Sudan: Two Darfur rebel factions rally jointly to destroy a Sudanese air base. Government responds by enlisting the Janjaweed militia (Arab), who target civilians and proceed with ethnic cleansing. This marks the beginning of what becomes internationally recognized as genocide.
March Egypt: Leaders of the League of Arab States, led by Bahrain, convene in Sharm el-Sheikh to strongly oppose a potential Iraq war and call for Saddam Hussein to comply with UN WMD inspectors.
  Iraq: U.S. invades Iraq under premise of capturing weapons of mass destruction from Saddam Hussein and toppling his Ba’athist Party, one of the tools by which he maintained tight control of the country.
  Kuwait: Tens of thousands of soldiers mass at northern border to aid in U.S. invasion of Iraq.
  Libya: President Gaddafi blames Saudi Arabia and Kuwait for U.S. intervention in the Middle East.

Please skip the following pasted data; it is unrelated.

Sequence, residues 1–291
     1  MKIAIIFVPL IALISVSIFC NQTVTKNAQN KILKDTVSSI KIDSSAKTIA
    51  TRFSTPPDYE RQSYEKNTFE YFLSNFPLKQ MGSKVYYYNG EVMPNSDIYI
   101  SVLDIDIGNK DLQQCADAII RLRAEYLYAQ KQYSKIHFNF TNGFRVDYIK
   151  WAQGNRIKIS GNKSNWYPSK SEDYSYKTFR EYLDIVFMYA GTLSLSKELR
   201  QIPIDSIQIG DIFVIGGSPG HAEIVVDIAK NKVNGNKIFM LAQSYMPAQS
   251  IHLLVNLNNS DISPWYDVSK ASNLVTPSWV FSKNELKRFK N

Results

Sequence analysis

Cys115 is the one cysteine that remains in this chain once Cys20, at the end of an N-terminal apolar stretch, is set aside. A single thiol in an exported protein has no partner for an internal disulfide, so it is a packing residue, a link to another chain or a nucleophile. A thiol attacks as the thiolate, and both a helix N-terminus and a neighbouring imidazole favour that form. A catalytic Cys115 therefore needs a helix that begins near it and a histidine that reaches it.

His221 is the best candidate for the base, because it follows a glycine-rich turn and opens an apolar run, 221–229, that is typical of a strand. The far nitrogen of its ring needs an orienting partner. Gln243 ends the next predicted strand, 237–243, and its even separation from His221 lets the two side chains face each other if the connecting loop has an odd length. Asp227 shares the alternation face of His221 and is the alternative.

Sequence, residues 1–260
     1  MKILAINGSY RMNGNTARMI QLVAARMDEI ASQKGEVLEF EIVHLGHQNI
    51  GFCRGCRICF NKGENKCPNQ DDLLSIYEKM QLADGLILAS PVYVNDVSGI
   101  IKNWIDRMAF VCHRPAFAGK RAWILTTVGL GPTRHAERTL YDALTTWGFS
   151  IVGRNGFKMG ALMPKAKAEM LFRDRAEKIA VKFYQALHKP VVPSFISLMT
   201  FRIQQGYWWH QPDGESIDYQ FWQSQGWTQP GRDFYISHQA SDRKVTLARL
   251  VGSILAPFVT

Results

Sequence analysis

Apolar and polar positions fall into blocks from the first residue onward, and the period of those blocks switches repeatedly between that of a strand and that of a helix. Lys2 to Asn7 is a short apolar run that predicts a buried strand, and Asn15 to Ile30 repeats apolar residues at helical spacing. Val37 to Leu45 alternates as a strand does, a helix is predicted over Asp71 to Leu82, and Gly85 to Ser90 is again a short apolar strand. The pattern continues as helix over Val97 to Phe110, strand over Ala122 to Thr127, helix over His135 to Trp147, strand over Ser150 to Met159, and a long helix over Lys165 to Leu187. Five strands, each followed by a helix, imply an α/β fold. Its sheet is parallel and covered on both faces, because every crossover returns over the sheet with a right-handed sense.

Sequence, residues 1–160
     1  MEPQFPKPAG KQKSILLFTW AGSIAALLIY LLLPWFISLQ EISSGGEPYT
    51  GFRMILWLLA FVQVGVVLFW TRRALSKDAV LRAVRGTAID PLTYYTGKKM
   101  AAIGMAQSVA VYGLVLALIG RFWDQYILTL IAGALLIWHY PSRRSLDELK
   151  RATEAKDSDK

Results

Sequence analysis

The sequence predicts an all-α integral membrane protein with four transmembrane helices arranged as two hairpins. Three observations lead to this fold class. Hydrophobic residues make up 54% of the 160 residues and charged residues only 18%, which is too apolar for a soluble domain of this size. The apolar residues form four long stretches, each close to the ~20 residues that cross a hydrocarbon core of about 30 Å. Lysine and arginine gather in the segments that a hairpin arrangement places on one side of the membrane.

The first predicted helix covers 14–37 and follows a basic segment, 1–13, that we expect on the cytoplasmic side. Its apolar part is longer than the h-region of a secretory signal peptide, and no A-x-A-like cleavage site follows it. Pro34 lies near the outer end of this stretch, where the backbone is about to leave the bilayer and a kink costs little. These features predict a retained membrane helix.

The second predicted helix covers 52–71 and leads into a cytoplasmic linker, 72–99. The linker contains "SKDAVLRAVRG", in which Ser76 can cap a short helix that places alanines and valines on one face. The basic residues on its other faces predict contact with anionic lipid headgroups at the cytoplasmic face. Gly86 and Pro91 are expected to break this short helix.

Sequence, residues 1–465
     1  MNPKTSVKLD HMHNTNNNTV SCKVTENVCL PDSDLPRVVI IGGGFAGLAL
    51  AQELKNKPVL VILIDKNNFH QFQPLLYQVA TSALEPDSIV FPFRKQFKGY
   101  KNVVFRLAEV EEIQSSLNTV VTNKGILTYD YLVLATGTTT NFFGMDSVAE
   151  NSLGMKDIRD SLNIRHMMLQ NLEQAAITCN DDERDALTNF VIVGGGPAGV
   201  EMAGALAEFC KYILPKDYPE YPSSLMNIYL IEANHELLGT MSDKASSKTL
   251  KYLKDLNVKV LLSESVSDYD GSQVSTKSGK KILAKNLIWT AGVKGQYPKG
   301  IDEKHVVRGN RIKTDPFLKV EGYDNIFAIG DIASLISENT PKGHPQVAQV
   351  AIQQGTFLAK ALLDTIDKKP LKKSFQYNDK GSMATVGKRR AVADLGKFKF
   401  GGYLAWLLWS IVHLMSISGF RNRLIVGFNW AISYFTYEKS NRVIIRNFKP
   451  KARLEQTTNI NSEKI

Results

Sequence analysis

Palestine: Mahmoud Abbas, an advocate for Israeli-Palestine peace, is elected as prime minister of Palestine.
  UAE: At Arab League summit in Sharm el-Sheik, Egypt, UAE calls for Saddam Hussein’s resignation and exile as a possible resolution to the crisis; response from Arab leaders is divided.
April Syria: U.S. threatens sanctions, alleging that regime is developing chemical weapons and aiding Iraqi fugitives.
  Yemen: 10 suspects in the bombing of the USS Cole in 2001 escape from prison. Two are recaptured by 2004.
May Algeria: The capital city, Algiers, and the surrounding countryside are hit by a powerful earthquake, resulting in 2,000 casualties.